Investigative directorate director Hermione Cronje and national director of public prosecutions Shamila Batohi at NPA head office. Picture: Ntswe Mokoena
Investigative directorate director Hermione Cronje and national director of public prosecutions Shamila Batohi at NPA head office. Picture: Ntswe Mokoena

After a decade of hollowing out law enforcement agencies, it is clear that SA’s investigation and prosecution capacity is sorely lacking.

This is not as a result of a lack of skills and ability in the country, but by design.

It began with the ANC’s hubris as it disbanded the Scorpions post-Polokwane, where Jacob Zuma was elected to the helm of the ANC. It is no wonder people such as ANC secretary-general Ace Magashule can confidently strut about — he is secure in the knowledge that the Zuma administration decimated SA’s capacity to hold the powerful to account.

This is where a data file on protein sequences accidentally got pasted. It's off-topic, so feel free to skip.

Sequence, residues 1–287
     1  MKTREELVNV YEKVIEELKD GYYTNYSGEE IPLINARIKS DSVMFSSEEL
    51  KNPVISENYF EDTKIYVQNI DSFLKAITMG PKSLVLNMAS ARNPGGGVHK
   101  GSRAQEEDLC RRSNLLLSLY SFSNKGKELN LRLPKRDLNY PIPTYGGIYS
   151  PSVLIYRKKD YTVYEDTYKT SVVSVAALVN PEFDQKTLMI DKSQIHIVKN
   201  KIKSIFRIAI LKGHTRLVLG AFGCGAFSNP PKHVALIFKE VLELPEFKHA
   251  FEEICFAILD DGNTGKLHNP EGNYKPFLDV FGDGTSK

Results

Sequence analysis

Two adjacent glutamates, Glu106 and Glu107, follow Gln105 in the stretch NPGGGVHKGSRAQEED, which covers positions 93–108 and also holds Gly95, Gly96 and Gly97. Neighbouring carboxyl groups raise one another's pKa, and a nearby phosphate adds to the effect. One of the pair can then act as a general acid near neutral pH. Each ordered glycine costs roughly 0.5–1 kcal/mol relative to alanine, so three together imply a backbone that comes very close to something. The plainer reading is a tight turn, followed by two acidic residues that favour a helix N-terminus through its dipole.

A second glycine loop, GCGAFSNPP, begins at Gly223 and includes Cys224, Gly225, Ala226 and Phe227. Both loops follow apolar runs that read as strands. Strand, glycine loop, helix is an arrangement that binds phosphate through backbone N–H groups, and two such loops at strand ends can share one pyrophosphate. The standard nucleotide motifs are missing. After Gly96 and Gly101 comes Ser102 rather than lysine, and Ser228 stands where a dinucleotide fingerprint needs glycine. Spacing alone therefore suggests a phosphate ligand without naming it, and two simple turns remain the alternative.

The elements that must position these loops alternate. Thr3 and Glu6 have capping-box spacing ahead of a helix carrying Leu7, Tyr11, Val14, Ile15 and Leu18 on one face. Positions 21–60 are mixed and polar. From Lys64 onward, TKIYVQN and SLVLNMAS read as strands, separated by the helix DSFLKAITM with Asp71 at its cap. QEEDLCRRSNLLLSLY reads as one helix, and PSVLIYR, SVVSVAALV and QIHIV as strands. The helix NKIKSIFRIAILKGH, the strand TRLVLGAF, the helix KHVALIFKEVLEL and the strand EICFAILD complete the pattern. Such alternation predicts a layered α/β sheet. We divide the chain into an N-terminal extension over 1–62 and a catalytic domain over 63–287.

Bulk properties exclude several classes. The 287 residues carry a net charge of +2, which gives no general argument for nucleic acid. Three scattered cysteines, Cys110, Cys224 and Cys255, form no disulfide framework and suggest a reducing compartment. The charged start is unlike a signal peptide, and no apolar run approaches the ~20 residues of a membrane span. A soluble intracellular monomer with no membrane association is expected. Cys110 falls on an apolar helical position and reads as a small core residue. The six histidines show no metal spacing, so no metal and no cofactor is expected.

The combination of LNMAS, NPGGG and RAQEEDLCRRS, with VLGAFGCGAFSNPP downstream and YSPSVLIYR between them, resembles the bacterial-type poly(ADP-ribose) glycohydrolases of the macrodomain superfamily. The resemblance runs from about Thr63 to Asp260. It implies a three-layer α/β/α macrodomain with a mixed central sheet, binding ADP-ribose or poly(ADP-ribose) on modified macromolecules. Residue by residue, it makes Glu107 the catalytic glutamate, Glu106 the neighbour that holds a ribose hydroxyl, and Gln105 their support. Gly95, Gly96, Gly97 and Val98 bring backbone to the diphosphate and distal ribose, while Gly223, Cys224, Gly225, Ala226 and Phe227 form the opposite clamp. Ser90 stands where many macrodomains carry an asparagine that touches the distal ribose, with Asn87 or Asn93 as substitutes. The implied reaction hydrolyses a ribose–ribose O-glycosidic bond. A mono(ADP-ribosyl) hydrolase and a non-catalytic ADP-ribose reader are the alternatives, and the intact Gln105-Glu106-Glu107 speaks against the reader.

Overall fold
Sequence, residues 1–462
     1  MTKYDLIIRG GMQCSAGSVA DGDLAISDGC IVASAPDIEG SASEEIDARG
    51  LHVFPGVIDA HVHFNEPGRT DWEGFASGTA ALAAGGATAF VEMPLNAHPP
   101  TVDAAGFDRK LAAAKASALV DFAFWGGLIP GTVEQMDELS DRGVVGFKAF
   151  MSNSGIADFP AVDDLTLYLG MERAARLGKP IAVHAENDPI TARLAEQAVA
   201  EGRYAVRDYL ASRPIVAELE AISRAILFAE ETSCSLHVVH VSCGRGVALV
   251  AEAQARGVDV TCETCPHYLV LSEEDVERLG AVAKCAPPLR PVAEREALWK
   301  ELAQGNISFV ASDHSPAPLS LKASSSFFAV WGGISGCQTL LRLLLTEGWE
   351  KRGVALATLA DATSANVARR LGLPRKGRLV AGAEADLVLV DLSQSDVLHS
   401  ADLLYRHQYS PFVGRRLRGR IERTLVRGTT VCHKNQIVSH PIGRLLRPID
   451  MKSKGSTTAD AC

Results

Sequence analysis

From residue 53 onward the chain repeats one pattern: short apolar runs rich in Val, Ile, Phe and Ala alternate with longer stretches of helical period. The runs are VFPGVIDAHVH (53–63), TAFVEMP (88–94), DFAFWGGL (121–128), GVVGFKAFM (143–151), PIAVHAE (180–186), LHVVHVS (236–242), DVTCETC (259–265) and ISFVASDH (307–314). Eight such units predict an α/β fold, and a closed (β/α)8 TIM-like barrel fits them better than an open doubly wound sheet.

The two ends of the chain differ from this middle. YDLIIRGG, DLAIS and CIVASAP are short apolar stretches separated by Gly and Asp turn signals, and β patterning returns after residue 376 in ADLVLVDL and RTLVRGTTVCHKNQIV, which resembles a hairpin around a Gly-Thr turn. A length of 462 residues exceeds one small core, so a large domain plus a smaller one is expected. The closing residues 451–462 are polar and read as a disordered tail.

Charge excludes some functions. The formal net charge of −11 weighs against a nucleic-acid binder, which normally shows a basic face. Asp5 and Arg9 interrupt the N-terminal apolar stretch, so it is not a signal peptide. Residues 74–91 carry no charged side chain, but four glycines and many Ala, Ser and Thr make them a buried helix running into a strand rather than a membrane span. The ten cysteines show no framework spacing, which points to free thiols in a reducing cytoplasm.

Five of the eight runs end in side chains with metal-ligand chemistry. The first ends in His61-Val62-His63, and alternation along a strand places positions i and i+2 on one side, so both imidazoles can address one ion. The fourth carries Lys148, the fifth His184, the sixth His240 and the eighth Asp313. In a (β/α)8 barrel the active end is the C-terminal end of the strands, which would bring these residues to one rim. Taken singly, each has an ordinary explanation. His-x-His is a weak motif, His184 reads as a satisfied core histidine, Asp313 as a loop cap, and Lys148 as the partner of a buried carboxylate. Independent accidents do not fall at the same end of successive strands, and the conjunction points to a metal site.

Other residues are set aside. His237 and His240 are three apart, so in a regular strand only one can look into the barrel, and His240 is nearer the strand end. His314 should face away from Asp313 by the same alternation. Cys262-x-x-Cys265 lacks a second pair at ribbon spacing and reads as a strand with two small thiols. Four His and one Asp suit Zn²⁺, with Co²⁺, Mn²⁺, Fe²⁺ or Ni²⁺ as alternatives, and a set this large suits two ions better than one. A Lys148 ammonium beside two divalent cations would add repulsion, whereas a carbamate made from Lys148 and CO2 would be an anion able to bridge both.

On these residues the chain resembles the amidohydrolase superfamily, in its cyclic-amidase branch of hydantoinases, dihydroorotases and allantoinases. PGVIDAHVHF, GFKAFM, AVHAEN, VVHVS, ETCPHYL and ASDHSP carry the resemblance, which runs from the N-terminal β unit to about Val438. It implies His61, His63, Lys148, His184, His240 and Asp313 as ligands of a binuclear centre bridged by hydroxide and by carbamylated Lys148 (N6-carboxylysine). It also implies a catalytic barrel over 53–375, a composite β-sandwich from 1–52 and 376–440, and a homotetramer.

This week we saw the National Prosecuting Authority (NPA) face yet another court loss. This time, in its attempt to freeze assets belonging to the Gupta-linked Regiments Capital. The high court in Joburg reversed the freezing of Regiments’ assets after it found that investigative directorate head Hermione Cronje had failed to disclose "material facts".

Cronje failed to tell the court of a settlement between Transnet and Regiments when she acquired the court order to freeze the company’s assets.

This suggests the celebrations over the recent wave of arrests may have been premature. Convictions, rather than arrests, will be the true litmus test of the effectiveness of the Hawks and the NPA.

Which means real accountability may still be years away.

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